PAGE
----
it rolls the dice on its own self driving technology. is it too far behind for the race? we will compare their strategy to uber ube's. a staffing shakeup at the white house. sean spicer announced his resignation after president trump hired anthony scaramucci as his medications director. sarah huckabee sanders will become the white house press secretary. scaramucci is the founder of sky bridge capital and a campaign fundraiser for trump. he joins the team amid intensifying investigation for the trump campaign and its ties to russia. with jared kushner set to speak with senate investigators next of theresident trump's sun and paul manafort are both scheduled to appear before the same senate committee. joining us from new york are kevin cirilli and my guest cohost for the hour, david kirkpatrick. kevin, you have been on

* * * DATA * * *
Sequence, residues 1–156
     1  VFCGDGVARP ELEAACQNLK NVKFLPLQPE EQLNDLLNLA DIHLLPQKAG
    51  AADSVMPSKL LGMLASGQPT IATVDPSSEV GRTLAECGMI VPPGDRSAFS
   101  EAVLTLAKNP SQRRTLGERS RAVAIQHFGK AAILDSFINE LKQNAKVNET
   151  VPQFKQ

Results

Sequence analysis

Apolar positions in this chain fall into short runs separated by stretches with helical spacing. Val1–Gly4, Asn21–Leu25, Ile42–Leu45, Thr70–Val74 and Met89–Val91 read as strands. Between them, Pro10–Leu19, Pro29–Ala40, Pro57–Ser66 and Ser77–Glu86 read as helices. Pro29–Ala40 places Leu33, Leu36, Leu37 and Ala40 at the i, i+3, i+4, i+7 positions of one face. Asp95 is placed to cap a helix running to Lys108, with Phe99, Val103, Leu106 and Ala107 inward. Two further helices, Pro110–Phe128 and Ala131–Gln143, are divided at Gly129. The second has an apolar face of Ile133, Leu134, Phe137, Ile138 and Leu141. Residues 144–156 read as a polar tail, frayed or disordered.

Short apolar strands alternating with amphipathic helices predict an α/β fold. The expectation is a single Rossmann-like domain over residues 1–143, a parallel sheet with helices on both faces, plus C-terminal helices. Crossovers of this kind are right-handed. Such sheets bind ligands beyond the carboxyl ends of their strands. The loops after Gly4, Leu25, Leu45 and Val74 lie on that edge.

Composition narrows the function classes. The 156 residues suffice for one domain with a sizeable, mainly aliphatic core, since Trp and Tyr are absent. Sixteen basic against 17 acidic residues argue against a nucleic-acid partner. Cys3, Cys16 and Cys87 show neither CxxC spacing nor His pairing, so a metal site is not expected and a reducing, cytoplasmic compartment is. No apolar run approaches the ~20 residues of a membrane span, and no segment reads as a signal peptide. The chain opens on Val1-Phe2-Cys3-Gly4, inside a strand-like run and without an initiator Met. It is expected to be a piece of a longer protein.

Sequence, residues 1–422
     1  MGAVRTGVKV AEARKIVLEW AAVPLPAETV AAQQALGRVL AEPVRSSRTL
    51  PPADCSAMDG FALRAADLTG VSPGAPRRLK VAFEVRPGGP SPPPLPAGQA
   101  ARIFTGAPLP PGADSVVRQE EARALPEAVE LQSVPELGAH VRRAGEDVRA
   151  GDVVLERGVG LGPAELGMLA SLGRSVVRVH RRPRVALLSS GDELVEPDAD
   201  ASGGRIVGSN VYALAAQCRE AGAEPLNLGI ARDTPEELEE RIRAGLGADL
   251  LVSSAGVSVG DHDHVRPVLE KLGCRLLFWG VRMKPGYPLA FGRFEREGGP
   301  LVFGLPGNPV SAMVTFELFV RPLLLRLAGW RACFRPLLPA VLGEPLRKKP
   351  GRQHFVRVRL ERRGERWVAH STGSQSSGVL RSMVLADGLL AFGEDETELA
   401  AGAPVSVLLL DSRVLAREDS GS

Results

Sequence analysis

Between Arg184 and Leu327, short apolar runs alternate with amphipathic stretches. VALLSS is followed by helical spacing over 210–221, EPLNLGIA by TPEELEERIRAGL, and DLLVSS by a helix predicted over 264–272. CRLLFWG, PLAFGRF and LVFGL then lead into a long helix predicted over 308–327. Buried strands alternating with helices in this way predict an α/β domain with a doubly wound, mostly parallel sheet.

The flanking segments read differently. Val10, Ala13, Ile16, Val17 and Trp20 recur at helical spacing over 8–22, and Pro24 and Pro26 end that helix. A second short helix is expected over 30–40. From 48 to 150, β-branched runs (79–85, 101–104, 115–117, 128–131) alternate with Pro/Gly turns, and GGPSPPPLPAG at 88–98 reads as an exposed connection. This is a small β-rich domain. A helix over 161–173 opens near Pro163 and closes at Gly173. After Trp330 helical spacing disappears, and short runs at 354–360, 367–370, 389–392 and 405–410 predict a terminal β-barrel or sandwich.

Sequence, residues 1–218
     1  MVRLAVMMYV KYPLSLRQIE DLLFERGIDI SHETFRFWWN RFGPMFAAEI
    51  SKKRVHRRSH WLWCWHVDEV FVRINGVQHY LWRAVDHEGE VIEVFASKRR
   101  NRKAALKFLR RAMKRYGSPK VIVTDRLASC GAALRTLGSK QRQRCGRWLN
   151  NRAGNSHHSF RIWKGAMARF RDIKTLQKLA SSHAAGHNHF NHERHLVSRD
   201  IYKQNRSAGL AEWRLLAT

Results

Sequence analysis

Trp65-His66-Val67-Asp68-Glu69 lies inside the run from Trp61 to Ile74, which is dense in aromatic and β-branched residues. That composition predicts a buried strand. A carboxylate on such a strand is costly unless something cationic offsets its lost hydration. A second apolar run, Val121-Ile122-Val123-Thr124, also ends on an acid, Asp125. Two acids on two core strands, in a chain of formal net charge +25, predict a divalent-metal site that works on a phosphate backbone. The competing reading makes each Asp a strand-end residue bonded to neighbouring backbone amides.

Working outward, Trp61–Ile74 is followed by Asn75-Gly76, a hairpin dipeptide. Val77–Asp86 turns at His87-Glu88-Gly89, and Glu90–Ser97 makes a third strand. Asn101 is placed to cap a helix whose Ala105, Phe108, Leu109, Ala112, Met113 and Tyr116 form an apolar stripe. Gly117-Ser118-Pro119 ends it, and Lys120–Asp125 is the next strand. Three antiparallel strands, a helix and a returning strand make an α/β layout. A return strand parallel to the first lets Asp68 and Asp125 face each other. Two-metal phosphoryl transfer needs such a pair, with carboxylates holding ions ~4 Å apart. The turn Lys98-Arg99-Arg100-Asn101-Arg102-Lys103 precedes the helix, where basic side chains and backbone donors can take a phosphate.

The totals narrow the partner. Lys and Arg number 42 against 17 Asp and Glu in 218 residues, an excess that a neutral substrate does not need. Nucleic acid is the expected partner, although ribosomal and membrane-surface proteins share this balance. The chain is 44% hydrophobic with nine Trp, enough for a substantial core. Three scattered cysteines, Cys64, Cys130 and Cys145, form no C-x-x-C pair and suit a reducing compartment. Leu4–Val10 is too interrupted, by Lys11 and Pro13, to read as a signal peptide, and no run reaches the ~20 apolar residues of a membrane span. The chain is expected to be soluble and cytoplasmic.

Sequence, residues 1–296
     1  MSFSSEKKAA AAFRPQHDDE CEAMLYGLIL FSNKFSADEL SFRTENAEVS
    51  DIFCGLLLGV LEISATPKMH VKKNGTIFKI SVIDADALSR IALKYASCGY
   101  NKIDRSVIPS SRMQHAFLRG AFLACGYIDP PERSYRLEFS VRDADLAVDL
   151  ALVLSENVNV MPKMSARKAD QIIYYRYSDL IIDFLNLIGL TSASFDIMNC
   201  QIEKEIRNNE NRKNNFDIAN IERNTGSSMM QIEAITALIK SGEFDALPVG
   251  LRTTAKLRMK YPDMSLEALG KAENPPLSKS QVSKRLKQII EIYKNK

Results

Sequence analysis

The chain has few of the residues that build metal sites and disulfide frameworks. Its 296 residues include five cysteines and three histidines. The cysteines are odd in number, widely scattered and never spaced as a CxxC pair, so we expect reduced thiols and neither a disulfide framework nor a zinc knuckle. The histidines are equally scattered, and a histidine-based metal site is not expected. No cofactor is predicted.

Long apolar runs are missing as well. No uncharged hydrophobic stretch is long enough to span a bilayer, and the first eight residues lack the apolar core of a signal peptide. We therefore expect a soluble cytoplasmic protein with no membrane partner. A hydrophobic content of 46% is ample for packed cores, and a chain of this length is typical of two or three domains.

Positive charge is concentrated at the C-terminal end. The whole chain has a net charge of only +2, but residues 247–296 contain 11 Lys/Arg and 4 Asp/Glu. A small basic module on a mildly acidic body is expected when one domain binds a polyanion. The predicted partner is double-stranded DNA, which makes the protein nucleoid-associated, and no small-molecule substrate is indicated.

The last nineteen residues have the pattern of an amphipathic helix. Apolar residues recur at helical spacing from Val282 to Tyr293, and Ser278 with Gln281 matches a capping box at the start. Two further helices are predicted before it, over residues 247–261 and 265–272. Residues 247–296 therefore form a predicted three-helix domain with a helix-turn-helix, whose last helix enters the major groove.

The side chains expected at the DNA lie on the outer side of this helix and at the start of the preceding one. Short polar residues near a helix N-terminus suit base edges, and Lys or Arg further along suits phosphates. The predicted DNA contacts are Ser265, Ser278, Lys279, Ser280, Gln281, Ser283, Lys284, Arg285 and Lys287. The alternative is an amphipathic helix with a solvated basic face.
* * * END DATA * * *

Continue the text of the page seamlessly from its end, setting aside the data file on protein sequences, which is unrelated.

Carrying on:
television all day talking about this. said there isucci more palace intrigue, yet the whole press conference was about personalities and relationships. what is the back story from your perspective? >> i have spoken with several sources on everything that went down in the past 24 hours. what i am hearing is this is a political victory for what they are calling the originals, the original staffers who backed candidate donald trump when many in the political universe did not. he is someone who has aligned himself with the old guard, the original guard of the trump world. people like sean spicer who will stay on board through august are not going to disappear. reince priebus is still involved in the white house. it comes at a time when they are trying to turn the page with so many questions surrounding next week in particular with the